Ashton Eaton, Brianne Theisen-Eaton retiring from track and field - Kogonuso


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Jan 4, 2017

Ashton Eaton, Brianne Theisen-Eaton retiring from track and field

Alex Butler

Ashton Eaton of the United States celebrates after winning gold overall after the Men's Decathlon 1500m at the Olympic Stadium at the 2016 Rio Summer Olympics in Rio de Janeiro, Brazil, on August 18, 2016. Photo by Kevin Dietsch/UPI
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Men's 100M winner Usain Bolt (C) poses for photos with Women's Heptathlon medalists Brianne Theisen Eaton (CAN), Jessica Ennis-Hill (GBR), and Nafissatou Thiam (BEL) in the Olympic Stadium at the 2016 Rio Summer Olympics in Rio de Janeiro, Brazil, on August 14, 2016. Photo by Kevin Dietsch/UPI
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Jessica Ennis-Hill (C) takes a hurdle between Brianne Theisen Eaton of Canada(L) and Antoinette Nana Djimou Ida of France in a heat of the Women's Heptathlon 100M Hurdles with WSA's Heather Miller-Koch at right is run in the Olympic Stadium at the 2016 Rio Summer Olympics in Rio de Janeiro, Brazil, August 12, 2016. Ennis-Hill won the gold medal in London 2012 Olympics. Photo by Terry Schmitt/UPI
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Track and field's power couple are retiring hand-in-hand.
Ashton Eaton and wife Brianne Theisen-Eaton announced their retirements from the sport Wednesday. The duo wrote joint essays on their official website.
"'s my time to depart from athletics; to do something new," Eaton wrote on the website. "Frankly there isn't much more I want to do in sport. I gave the most physically robust years of my life to the discovery and pursuit of my limits in this domain. Did I reach them? Truthfully I'm not sure anyone really does. It seems like we tend to run out of time or will before we run out of potential. That makes humanity limitless then, as far as I'm concerned. And I think that's inspiring."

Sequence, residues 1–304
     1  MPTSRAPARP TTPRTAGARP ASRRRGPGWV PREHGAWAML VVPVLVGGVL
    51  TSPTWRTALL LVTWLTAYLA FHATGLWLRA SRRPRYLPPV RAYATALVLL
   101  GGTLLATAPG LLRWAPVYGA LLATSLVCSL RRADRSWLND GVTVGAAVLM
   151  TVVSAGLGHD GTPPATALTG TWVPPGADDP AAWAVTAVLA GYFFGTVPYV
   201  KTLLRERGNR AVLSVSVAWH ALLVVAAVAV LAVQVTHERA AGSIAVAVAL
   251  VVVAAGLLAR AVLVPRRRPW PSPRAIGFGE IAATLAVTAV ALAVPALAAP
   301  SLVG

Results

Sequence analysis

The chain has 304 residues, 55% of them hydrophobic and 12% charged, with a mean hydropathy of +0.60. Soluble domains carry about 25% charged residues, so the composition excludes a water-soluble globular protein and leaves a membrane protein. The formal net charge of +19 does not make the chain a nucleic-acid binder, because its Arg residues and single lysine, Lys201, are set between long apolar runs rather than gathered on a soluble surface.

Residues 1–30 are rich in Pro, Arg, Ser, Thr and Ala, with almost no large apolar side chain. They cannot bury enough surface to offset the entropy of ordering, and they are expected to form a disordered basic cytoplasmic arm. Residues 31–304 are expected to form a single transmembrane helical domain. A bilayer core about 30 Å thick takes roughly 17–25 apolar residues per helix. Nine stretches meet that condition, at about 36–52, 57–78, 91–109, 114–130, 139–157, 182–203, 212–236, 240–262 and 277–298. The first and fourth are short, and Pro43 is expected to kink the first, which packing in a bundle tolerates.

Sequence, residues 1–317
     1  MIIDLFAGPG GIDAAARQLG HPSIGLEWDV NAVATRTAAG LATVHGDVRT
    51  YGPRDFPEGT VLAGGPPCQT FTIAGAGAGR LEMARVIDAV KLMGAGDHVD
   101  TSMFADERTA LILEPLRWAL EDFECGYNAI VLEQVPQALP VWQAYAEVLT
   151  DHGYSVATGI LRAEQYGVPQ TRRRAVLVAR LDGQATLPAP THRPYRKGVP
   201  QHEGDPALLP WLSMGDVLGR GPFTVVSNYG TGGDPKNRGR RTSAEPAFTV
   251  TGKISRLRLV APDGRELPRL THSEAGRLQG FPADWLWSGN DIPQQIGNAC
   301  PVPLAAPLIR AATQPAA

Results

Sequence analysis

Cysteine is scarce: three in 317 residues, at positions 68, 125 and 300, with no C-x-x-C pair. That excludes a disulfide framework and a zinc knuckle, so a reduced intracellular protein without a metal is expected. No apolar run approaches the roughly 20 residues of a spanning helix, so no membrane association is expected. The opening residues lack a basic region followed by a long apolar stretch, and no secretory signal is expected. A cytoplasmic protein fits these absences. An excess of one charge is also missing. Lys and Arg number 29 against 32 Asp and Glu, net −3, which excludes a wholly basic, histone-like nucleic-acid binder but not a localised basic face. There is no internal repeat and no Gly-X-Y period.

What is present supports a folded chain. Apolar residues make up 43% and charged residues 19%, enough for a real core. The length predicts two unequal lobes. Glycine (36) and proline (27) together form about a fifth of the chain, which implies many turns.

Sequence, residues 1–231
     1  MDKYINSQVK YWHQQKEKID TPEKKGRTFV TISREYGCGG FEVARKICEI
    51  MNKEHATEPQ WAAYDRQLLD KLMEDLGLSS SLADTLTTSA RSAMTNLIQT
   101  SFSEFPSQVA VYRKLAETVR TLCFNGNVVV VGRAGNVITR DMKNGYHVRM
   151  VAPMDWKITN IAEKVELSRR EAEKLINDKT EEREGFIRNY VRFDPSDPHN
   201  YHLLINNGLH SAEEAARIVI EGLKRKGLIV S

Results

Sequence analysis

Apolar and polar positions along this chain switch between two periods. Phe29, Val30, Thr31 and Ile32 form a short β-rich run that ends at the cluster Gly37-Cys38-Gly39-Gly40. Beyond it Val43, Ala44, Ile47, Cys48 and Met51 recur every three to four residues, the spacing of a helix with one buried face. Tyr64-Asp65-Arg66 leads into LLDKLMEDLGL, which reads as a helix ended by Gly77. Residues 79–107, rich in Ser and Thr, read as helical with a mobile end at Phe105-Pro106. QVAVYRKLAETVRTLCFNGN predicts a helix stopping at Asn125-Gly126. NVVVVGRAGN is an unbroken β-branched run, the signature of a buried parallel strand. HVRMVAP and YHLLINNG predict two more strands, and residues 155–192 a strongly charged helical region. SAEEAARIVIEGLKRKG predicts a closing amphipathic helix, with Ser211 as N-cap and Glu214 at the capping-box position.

Eaton, 28, defended his gold medal for the Americans in the decathlon in Rio de Janeiro. He won the last two world championships and is the decathlon world record holder.
"To my supporters and sponsors; The things I have achieved were achieved together with you. At times when I was doubtful, you believed. And if I was confident, it was also because you believed. Thank you for the love and support."
"To anyone I've competed with; To compete with you, learn from you, be challenged by you, and to be friends with you, are some of my most protected memories and experiences. Because of you it has been my pleasure to be an athlete."
Theisen-Eaton, 28, won bronze for Canada in the heptathlon in Rio. She was a silver medalist at the 2013 and 2015 world championships.
"I gave the last 4 years everything I could," Theisen-Eaton wrote. "I put my life on hold. Track and field was the priority before everything else: my family, my friends, my marriage, my future. This is something I chose to do and I don't regret it for a second. It made me happy to pursue something I was so passionate about."
"But I've done it," Theisen-Eaton wrote. "I went after what I set out to do and whether I achieved it or fell short is not the point. The point is that I know deep down that I gave it every ounce of energy I had and that if I went back and did it all over again, I would not change a thing; I could not have done anything better. Isn't this the point of sport? Isn't this the point of challenging yourself to something? To do the best you can do?"
"I no longer have the passion for track and field or the heptathlon that I used to because I know I can't advance any further in the sport; I've given it all I can, and I refuse to come back and half-ass it because I love and respect this event and sport too much," Theisen-Eaton wrote. "With that, I've decided to retire. It's time to move on to my next passion, the next thing in the world I hope to make an impact in."
The couple met at the University of Oregon and got married in 2013.

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